Scouting’s past, and future
Nearly 100 years ago — decades before electronic record-keeping or FBI criminal background checks — the Boy Scouts of America devised its own system of files to keep out those who might try to harm children.
Later, in 1935, Theodore Roosevelt Jr. (President Theodore Roosevelt’s son), in discussing this system, declared that leadership was a “sacred trust” and noted that Scouting protected children by ensuring that “every applicant is checked with care against this confidential file. Every man seeking certification must meet these conditions and any other safeguards that we can devise for surer protection.” This system eventually became known as the Ineligible Volunteer Files. The content of some of the files has recently become the focus of considerable media attention, particularly in the Los Angeles Times.
These files were and are essentially a list designed to bar inappropriate individuals from Scouting. A complete analysis shows that many dangerous men who applied were in fact kept out and that individuals who joined and were later suspected of abuse or committed abuse were removed as a result of the files.
But some of the files also show circumstances in which adults abused their position in Scouting to hurt children, and that Scouting did not always act appropriately when it became aware of abuse. Some abusive leaders were even allowed to return to Scouting after “treatment” because, at the time, the medical community believed pedophiles could be cured. Once scientists determined such treatment was ineffective, Scouting changed its practices. Once suspected of abuse, individuals are permanently banned from the organization.
To be clear, we make no excuses for where our organization fell short. The abuse of even one child is unacceptable. The fact is there are things Scouting wishes we had done differently, particularly given what we know about youth protection and abuse prevention today. There are times when our efforts to protect Scouts were plainly insufficient, inappropriate or wrong. For that we are deeply sorry, and Scouting sincerely apologizes to victims and their families.
Yet well over 100 million kids have been part of the Scouting movement over the last 100 years, and overwhelmingly, they have been safe, and they have been kept safe by the great work of our millions of dedicated volunteers. In addition, the existence of the files is proof that Scouting was a pioneer in the area of youth protection. These facts have been lost in the flurry of coverage now that the files have been released.
It’s not just our opinion that the files help keep kids safe. The Centers for Disease Control and Prevention in 2007 suggested that all youth-serving organizations keep such files as a best practice for protecting kids. In fact, every parent should ask youth-serving organizations their children may be involved with if they keep files.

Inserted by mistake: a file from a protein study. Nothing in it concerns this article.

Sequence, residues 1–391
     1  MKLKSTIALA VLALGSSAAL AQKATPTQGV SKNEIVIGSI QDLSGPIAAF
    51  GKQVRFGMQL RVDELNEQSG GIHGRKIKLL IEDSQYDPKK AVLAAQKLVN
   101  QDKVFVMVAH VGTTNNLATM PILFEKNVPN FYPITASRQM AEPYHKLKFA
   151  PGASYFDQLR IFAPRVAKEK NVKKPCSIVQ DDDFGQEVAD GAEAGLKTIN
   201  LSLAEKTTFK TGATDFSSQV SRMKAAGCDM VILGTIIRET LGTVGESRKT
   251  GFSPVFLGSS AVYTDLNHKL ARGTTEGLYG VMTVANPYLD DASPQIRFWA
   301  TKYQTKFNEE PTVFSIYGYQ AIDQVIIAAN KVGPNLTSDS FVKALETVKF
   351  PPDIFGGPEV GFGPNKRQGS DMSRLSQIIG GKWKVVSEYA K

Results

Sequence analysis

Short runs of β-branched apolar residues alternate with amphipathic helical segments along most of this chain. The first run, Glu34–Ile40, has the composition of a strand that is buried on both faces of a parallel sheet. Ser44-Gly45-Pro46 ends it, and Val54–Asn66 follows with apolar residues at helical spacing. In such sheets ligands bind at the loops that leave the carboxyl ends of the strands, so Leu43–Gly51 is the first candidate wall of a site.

Just as Roosevelt suggested, Scouting has always been committed to continually strengthening and enhancing our youth protection measures as new techniques and technologies become available. Today, when comparing the BSA to other youth-serving organizations, independent experts such as Victor Vieth, who heads the National Child Protection Training Center, said, “The Boy Scouts have the most advanced policies and training.”
• All volunteers must complete a rigorous application and screening process before joining Scouting, including a national criminal background check.
• All prospective volunteers are checked against our ineligible volunteer list.
• Scouting’s mandatory reporting policy requires members to report even suspicions of abuse directly to local law enforcement, and those individuals are immediately removed from Scouting permanently.
• All adults who lead youth are required to complete what we call Youth Protection training program and must renew the training every two years. We also encourage all parents to take this training, which provides important information about detecting and preventing abuse, no matter where it may occur.
• Scouting’s two-deep leadership policy requires at least two adults to be present for all its activities. No youth should ever be alone with a Scout leader for any reason. All activities are open to parents, and we strongly encourage families to enjoy Scouting together.
• Every Boy Scout and Cub Scout handbook includes a pamphlet to help parents teach their children how to recognize, resist and report abuse.
Additionally, in 2010 the Boy Scouts of America hired me as its first full-time Youth Protection director. I was asked to apply my law enforcement and child abuse prevention background to a review of Scouting’s Youth Protection program to ensure we remain at the forefront of this important issue.
We say in Scouting, “Youth Protection Begins with You” because we believe everyone throughout our organization — from adult leaders to volunteers to Scouts themselves — has a responsibility to help ensure one another’s safety.
Our work with youth demands nothing less.
Mike Johnson is a 28-year veteran police detective specializing in child sexual abuse prevention and is the Boy Scouts of America’s Youth Protection director.
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